The State presented evidence at trial to prove that appellant was part of an accident-fixing ring, which perpetrated thefts against insurance companies totaling over $200,000. Oscar Phu testified that in 1991 he was receiving compensation for referring accident victims to Tan Tu, who told Phu he was working for an attorney. In 1992, Phu began recruiting people to be in fake auto accidents staged by Tu. Phu described the methods and procedures employed by Tu, including the use of particular attorneys and medical doctors to make the false insurance claims. He explained that there was always a need for at least two doctors because there were two cars and two groups of people in each accident. Phu stated that Tu told him that the doctors would be paid, usually in cash, 40 to 50 percent of the amount recovered from the insurance companies on the medical bills.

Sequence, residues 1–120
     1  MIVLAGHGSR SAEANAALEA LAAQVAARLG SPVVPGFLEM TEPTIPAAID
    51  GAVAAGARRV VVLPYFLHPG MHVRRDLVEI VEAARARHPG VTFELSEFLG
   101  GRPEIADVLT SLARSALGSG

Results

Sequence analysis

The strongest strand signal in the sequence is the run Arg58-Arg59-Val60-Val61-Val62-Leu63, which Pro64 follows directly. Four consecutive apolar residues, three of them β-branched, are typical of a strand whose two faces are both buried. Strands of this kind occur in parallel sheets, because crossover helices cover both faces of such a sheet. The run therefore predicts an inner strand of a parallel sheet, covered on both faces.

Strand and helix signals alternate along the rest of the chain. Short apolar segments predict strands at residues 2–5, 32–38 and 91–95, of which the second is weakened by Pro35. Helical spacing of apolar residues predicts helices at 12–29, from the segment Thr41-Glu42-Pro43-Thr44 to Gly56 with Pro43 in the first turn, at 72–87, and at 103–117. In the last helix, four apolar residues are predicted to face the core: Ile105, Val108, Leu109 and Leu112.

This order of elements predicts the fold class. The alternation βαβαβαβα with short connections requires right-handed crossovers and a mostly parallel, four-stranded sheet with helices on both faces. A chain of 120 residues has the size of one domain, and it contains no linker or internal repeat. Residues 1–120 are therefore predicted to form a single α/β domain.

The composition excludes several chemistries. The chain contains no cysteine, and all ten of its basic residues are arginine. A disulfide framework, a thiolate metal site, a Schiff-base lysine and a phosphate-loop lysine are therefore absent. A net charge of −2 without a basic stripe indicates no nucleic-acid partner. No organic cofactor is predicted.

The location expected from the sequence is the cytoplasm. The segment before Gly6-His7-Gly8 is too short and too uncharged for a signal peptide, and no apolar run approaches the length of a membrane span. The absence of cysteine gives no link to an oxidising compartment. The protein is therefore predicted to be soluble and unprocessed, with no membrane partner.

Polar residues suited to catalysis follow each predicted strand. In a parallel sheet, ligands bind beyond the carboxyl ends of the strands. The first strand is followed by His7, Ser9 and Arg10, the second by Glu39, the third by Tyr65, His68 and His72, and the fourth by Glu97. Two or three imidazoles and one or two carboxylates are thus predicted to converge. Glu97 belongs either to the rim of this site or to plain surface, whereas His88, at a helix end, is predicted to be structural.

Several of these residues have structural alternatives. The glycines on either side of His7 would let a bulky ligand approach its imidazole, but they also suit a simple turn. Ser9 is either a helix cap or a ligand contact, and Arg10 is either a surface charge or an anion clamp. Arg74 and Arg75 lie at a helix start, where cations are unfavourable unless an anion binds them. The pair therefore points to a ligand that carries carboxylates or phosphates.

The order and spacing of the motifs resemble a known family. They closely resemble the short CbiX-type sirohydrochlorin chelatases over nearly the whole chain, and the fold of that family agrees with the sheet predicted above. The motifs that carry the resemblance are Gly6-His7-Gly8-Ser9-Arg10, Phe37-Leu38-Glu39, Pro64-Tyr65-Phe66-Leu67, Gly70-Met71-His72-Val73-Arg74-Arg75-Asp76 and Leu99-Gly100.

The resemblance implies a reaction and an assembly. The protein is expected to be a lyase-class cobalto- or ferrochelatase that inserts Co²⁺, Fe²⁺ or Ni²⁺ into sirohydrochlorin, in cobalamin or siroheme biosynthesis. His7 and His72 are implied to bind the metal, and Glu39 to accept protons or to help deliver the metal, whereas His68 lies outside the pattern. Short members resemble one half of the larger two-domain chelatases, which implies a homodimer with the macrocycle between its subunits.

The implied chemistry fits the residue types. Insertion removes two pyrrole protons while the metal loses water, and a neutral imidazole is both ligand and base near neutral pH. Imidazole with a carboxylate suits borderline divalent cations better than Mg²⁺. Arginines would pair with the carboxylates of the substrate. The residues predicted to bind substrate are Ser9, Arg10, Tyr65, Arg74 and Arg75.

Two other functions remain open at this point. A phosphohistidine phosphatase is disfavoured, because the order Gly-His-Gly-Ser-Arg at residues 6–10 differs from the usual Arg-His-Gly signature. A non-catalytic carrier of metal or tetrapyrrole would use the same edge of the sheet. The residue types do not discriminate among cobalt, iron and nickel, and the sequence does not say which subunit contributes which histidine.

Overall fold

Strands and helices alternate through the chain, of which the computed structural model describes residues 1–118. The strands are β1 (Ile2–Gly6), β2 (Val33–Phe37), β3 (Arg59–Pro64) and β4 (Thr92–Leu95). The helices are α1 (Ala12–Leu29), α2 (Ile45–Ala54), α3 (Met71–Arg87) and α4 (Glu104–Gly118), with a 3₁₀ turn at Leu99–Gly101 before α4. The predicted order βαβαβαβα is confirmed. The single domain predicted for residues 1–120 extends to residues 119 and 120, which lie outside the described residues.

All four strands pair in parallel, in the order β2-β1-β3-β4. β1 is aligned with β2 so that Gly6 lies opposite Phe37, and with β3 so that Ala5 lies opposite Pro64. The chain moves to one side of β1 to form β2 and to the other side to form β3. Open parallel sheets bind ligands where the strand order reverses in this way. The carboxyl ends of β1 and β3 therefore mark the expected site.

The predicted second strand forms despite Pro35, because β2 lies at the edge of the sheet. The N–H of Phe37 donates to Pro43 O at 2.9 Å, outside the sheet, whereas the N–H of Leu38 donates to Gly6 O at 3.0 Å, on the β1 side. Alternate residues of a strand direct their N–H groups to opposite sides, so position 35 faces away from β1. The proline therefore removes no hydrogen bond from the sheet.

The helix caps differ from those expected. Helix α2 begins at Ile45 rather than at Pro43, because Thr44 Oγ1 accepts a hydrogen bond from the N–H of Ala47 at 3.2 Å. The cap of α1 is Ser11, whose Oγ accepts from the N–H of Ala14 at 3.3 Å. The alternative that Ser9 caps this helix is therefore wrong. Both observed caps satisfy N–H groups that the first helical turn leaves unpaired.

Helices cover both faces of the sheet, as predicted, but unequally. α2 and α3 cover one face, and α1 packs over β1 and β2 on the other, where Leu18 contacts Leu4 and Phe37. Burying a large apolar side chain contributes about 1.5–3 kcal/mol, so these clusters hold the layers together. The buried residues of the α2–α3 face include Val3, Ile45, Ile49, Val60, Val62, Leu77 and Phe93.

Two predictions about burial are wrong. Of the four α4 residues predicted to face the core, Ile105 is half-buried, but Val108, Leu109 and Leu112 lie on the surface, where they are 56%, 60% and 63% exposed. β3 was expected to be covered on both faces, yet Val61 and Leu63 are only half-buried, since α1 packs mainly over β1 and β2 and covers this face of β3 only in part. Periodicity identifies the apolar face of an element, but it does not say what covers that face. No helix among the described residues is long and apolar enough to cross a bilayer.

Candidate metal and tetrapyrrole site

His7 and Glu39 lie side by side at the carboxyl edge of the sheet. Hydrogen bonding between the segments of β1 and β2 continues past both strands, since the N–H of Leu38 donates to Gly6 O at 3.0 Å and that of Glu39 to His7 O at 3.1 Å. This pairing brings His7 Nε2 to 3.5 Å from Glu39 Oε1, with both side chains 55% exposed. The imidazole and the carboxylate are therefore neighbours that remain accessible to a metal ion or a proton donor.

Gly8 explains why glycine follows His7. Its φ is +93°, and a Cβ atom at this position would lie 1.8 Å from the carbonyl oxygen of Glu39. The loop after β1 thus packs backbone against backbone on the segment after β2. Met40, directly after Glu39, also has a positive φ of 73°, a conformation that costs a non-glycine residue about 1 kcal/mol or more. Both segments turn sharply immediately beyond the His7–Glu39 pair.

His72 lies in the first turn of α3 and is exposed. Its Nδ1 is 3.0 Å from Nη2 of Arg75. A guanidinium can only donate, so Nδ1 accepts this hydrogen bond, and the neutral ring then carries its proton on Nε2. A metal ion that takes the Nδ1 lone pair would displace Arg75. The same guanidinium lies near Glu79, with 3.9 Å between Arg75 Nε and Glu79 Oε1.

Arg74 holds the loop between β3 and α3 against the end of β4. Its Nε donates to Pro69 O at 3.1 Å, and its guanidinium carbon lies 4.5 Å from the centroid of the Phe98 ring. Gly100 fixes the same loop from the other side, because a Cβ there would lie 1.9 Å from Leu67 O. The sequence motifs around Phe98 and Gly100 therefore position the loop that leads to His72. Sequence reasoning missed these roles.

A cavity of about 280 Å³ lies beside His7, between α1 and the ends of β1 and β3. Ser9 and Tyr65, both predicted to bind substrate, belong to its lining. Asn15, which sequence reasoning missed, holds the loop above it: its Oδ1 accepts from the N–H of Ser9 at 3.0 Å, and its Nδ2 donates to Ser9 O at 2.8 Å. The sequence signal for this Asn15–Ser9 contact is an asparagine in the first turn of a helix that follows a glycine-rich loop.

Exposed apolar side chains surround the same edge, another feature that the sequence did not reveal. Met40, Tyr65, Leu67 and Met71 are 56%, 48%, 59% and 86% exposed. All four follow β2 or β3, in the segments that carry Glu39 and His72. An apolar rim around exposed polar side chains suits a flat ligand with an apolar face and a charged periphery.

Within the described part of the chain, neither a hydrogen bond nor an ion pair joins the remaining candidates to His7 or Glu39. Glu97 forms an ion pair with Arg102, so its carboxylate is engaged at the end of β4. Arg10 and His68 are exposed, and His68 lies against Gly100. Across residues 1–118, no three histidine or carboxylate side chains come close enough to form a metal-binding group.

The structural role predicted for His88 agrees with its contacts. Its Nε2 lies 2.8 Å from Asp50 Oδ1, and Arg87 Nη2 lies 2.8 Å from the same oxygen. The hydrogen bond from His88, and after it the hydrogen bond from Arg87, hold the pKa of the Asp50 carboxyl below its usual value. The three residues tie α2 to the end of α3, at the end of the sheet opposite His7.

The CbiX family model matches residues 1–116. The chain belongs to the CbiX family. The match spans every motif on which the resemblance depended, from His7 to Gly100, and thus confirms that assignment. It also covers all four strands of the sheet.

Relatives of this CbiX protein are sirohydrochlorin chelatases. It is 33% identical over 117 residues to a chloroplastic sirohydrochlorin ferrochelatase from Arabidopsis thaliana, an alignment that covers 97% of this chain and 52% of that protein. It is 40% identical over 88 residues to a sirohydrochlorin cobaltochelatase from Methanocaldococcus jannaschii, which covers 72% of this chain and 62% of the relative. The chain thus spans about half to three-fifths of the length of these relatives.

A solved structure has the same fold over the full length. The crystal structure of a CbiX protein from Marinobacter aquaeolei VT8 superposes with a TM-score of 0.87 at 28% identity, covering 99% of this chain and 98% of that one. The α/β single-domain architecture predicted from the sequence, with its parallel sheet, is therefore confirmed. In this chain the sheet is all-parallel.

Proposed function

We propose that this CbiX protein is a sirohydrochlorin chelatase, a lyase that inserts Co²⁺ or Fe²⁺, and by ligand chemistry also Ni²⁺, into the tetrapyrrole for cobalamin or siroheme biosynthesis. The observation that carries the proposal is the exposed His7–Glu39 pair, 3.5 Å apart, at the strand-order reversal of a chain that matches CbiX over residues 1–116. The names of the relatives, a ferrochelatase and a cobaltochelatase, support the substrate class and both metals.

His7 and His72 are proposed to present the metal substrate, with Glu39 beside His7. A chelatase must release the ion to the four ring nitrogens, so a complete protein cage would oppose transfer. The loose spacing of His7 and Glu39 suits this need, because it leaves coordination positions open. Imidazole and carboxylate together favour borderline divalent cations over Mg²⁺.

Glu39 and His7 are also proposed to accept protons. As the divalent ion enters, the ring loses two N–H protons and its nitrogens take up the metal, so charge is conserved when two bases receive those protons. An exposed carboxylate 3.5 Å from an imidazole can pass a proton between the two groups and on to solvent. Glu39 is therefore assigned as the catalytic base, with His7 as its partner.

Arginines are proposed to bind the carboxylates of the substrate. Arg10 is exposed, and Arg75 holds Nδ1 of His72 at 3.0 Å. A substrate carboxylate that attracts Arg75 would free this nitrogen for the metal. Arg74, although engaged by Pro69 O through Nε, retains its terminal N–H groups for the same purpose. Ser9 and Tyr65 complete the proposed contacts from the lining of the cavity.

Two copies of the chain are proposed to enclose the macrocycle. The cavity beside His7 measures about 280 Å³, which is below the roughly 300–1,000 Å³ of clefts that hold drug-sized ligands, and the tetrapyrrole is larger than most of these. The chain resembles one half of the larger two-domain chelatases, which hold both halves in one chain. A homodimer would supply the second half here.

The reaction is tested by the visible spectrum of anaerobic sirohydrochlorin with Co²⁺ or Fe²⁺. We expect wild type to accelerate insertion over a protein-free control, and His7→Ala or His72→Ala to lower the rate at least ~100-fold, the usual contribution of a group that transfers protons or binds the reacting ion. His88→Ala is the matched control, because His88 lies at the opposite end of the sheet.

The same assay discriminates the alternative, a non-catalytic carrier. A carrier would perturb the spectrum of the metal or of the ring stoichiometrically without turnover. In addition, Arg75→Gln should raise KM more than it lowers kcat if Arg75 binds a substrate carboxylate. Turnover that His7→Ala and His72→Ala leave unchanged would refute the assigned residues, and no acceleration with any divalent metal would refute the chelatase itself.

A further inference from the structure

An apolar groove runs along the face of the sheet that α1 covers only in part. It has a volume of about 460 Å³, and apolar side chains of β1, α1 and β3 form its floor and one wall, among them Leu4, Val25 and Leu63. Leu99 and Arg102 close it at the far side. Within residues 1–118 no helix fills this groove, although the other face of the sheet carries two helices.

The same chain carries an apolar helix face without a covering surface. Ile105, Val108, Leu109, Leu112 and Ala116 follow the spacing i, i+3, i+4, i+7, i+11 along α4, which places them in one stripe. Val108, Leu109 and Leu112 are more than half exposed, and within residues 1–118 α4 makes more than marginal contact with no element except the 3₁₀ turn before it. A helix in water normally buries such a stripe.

Phu further testified that in 1993 Tan Tu split with a business associate and subsequently formed a new ring. He purchased the clinic where Gemoet's worked and financed appellant's clinic. Tu told Phu that appellant's clinic was actually run by Angie Mong. Phu stated that Tu asked him to train Angie in the insurance scheme, and Tu referred to her as Phu's replacement, because Phu continued to work for Tu's former associate.